Monday, February 07, 2011

Line War Review -- Walker of Worlds

Mark Chitty finally got to the last in the Cormac series:



Finally I've come to the last Agent Cormac book, Line War, and up to now it's been a ride of ups and downs. The first two books, Gridlinked and The Line of Polity, were rather enjoyable, but they did have their issues. After that came Brass Man and Polity Agent, both of which upped the stakes and delivered some really great sci-fi. Now with Line War the story comes to a conclusion, and while it ends the series as a whole I always had that niggle of a doubt in my mind that it might not be as spectacular as I hoped. All totally unfounded of course, as Line War not only closes the series in style, it is one of the best books I've read in quite a while.

Line war on Amazon and on the Book depository.

Update (I just have to add his summing up):

On a final note, the Cormac series is perhaps one of the best overall examples of sci-fi I've had the pleasure to read. It's got action, adventure, intrigue, alien menaces and a whole host of other things that just hit the spot for me as a reader. Neal Asher: without a doubt the most entertaining science fiction author writing today. Well done, sir!


10/10

9 comments:

james burke said...

Line War was very enjoyable. I'm just a bit saddened that i'm running out of your books left to read. Just spoke to my brother, who lives far from me and he wrote,

"I finished Prador moon last night after a nail biting weekend of alien crustacean horror. The experience really took me back to 1980's when we were living together at home, you returning from school with books by James Herbert and Guy N. Smith." Then i checked up Guy N. Smith and found all these crab books! Were these an influence for the prador?

Neal Asher said...

I never read them, James. The prador come (I think) from long childhood holidays turning over rocks on seashores, grovelling about in muddy streams, drawing monsters in art classes while everyone else was drawing flowers, and then of course reading vast amounts of science fiction and fantasy.

Shush, Spencer -- that was a spoiler so I had to delete it.

Nerine Dorman said...

I must admit Line War was the first of your novels that I've read. It landed on my desk as a review book at the newspaper where I work. I loved it enough to follow your blog, no?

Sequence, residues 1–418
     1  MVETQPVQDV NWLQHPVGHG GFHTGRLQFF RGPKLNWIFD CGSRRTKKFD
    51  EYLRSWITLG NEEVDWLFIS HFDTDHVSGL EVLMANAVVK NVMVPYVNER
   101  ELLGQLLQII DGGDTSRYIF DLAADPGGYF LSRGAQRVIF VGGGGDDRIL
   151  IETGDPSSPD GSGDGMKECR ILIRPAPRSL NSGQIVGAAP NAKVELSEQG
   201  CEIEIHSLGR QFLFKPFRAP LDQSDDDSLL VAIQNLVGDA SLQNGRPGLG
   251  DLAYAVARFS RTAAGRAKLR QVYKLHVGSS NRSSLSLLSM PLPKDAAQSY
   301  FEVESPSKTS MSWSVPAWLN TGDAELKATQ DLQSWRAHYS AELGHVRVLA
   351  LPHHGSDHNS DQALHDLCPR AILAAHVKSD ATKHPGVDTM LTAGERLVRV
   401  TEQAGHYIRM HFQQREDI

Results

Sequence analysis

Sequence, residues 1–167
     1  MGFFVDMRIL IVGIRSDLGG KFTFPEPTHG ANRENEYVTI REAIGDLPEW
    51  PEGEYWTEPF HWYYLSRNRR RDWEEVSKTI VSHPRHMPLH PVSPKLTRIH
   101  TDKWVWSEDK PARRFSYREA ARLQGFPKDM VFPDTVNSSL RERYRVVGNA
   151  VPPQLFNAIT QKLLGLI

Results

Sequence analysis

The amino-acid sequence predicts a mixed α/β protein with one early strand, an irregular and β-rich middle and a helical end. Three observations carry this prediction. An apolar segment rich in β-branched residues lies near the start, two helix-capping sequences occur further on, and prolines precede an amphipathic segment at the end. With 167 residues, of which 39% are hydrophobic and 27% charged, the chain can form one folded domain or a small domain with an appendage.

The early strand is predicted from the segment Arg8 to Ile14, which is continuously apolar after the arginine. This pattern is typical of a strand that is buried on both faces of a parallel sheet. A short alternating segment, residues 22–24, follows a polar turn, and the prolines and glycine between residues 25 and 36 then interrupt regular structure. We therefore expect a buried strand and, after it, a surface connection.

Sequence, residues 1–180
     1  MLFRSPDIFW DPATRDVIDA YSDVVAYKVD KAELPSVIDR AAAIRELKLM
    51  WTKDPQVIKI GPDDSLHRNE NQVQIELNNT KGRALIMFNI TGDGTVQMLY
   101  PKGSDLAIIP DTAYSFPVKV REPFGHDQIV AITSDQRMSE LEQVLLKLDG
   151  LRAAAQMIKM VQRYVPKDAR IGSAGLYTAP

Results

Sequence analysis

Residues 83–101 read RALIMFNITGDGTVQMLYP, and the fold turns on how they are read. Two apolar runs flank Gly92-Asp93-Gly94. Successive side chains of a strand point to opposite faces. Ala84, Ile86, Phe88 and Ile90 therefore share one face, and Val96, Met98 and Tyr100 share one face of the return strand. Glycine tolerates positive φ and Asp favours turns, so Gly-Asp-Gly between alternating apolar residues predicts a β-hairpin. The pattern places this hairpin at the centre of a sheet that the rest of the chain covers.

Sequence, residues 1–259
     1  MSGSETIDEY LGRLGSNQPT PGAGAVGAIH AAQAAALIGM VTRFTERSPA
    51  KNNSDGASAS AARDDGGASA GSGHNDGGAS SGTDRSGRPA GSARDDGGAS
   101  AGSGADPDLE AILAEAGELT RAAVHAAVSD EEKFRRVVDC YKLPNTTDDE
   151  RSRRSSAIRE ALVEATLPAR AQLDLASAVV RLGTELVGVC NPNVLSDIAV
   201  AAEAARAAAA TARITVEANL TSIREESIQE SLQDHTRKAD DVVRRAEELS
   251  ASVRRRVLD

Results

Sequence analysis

;-)

Tyro said...

I just stumbled onto your books via a chance Amazon recommendation on Iain Banks (and I only found him via a chance encounter on a review of the Kindle). I finished "Line of Polity" last night and I was gripped the whole time. I can't believe that I've only found about your writing now - where have I been hiding all these years?

Needless to say, I'm doing like Mark Chitty just did and I have all of the Cormac books queued up and waiting for me. I don't know how your books fit into any great pantheon of sci fi authors but I do know this: they're some of the most entertaining, exciting, thrilling, and all around enjoyable books I've read in years. If your others are even passingly like these last two, I'll be a lifelong fan!

Spencer said...

Oh yeh, my bad. I guess being that its your blog i jumped the gun. apologies :)

Richard said...

Thoroughly enjoying listening to The Skinner during my commute. The accents used for the various characters has really given added depth to the story....loved the S. African accent for the Batian mercenaries, it fits perfectly!.

Neal Asher said...

That's good to hear, Nerine. Did a review appear either in the paper or on any of your numerous blogs?

I haven't been hiding, Tyro. My whole writing career has been a slow and steady climb as opposed to a sudden arrival with a bang. Even now, as with you, people have discovered me for the first time even though my books now take up about two feet of shelf space.

Not a problem, Spencer, and I'm glad you liked that bit. As you can see, by Tyro's comment and my reply to him above, there are people that haven't got there yet.

Glad to hear that, Richard. I haven't had a chance to listen to any more than the samples. I'll be going in to the Audible studio soon to record some extras so I hope to snaffle a free-bee.

Neal Asher said...

Any chance you can stick that comment over on Audible, Richard?

Nerine Dorman said...

Neal, I can see if I can track down a .PDF of the page it appeared on. It was last year some time in the Pretoria News. You're more than welcome to drop me a mail off my blogspot profile. My details should be there.